Exam Study Guide: Primary Clarifiers; and Microsand Processes

Maintaining your education is important, especially in a career that demands licensing exams. Prove you’re an expert operator by answering these questions and others from our Exam Study Guide Series.

Welcome back to TPO magazine's Exam Study Guide Series, which offers a pair of water/wastewater study questions with in-depth explanations of the answers. Last time, we covered a set of wastewater and drinking water treatment questions on the topics of Barscreen Maintenance, and Surface Water Characteristics. This time, you can test your knowledge about primary clarifiers, and microsand processes.

Wastewater Treatment Sample Question:

What are two types of solids effectively removed by primary clarifiers?

A) Settleable and floatable

B) Floatable and dissolved

C) Dissolved and colloidal

D) Suspended and organic

Answer: Primary clarifiers are very effective at removing floatable and settleable solids from the wastewater flow stream, so the answer is A, settleable and floatable. Floatable solids include objects and debris that are positively buoyant, meaning they float. Fats, oil and grease are included in this meaning, and primary clarifiers are well adapted for these substances. Also included in floatable solids are paper products; plastic wrappers and products; fruit and vegetable seeds; soaps; and detergents. Much of the floatable material removed by a primary clarifier is inorganic in nature.

Settleable material is negatively buoyant. In other words, it's denser than water. Grit, sand, heavy organic solids, coffee grounds and metal objects are examples of settleable solids. Primary clarifier settleable solids removal efficiency typically ranges from 95 percent to 99 percent removal.

Primary clarification not only helps reduce the organic loading on downstream biological treatment processes like trickling filters, rotating biological contactors and activated sludge processes, but also helps smooth out the hydraulic loading.

Primary clarifiers do not remove dissolved or colloidal solids very well as these solids do not readily give in to the physical force of gravity. In some cases where additional removal of colloidal solids are needed to reduce the loading on downstream processes, chemical coagulants can be used to improve the operation of a primary clarifier. Chemicals like ferric chloride, ferrous chloride, aluminum sulfate and/or polymers can be added to neutralize the charge of the colloidal solids and enhance the primary clarifier’s ability to remove them, thus the term Chemically Enhanced Primary Clarification.

Water Treatment Sample Question:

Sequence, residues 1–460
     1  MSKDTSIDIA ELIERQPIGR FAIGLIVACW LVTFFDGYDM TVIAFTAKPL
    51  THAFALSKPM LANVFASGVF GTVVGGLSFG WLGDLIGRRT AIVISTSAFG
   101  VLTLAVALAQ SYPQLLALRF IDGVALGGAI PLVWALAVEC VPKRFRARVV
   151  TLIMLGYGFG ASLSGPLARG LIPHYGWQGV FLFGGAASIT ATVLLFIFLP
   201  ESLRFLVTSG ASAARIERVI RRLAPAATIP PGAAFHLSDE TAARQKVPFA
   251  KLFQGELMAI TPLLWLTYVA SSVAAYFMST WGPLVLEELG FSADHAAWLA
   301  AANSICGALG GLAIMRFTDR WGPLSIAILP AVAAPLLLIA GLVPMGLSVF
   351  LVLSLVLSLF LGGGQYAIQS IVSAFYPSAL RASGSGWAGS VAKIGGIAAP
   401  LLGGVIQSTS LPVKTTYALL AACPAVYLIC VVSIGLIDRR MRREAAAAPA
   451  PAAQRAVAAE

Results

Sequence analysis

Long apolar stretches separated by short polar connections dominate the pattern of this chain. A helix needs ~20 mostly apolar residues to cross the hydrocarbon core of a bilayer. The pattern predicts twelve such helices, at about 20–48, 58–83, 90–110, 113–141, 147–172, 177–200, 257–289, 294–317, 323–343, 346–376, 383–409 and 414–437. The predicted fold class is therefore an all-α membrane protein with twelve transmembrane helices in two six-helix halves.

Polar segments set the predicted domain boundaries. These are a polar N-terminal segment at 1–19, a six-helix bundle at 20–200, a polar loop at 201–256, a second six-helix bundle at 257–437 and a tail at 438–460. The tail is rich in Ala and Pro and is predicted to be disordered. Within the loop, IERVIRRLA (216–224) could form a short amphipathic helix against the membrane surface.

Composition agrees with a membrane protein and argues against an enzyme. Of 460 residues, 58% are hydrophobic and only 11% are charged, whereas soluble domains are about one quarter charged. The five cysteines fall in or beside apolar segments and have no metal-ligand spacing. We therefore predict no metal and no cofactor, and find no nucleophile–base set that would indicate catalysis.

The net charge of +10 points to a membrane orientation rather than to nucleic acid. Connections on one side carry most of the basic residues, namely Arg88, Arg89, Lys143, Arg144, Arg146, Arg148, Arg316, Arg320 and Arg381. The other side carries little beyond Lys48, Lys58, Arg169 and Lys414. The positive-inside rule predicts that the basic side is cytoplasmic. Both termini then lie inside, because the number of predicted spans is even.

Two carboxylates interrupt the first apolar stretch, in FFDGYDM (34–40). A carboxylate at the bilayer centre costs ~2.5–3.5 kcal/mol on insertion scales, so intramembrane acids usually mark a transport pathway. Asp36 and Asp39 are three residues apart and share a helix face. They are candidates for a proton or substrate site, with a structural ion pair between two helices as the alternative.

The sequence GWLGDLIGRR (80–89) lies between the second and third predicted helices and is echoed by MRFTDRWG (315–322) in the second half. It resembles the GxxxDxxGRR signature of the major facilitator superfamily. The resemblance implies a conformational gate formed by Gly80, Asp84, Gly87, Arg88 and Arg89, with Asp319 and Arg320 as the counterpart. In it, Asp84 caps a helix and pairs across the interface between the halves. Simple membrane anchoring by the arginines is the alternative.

What is a process that uses microsand added to the flocculation stage to encourage floc settling called?

A) Slow microsand filtration

B) Ballasted flocculation

C) Weighted TDS capture

D) Enhanced sedimentation

Answer: The answer is B, ballasted flocculation. Ballasted flocculation processes are sometimes referred to as high-rate clarifiers due to the higher hydraulic loading rates and decreased detention times required for effective settling. Ballasted flocculation uses a microsand addition to the influent water of the flocculation stage to encourage faster settling of the flocs. Microsand essentially adds weight to the floc which increases its negative buoyancy causing it to settle more rapidly.

Inclined tube settlers are often used near the outlet weirs of the clarifying unit to encourage additional solids removal from the effluent. Several manufacturers offer ballasted flocculation units for both drinking water and wastewater treatment, and these might be found where high amounts of water must be treated in a small land mass. Basically they can treat a lot of water in a small footprint.

About the author: Ron Trygar is the senior training specialist for water and wastewater programs at the University of Florida's TREEO Center. Previously, he was the wastewater process control specialist at Hillsborough County Public Utilities in Tampa, Florida. He has worked in the wastewater industry for more than 30 years in a variety of locations and positions. Trygar became a Certified Environmental Trainer (CET) in 1998 and has since provided training for associations and regulatory agencies such as Florida Department of Environmental Protection (FDEP); Florida Water and Pollution Control Operators Association Short Schools; USABlueBook; Florida Water Environment Association sponsored training events; and local school environmental programs. Working alongside the FDEP Northeast District, Trygar helped begin the Florida Rural Water Association and FDEP joint operator certification review classes that are still given around the state today. He holds a Florida Class A wastewater treatment operator’s license and a Florida Class B drinking water operator’s license.


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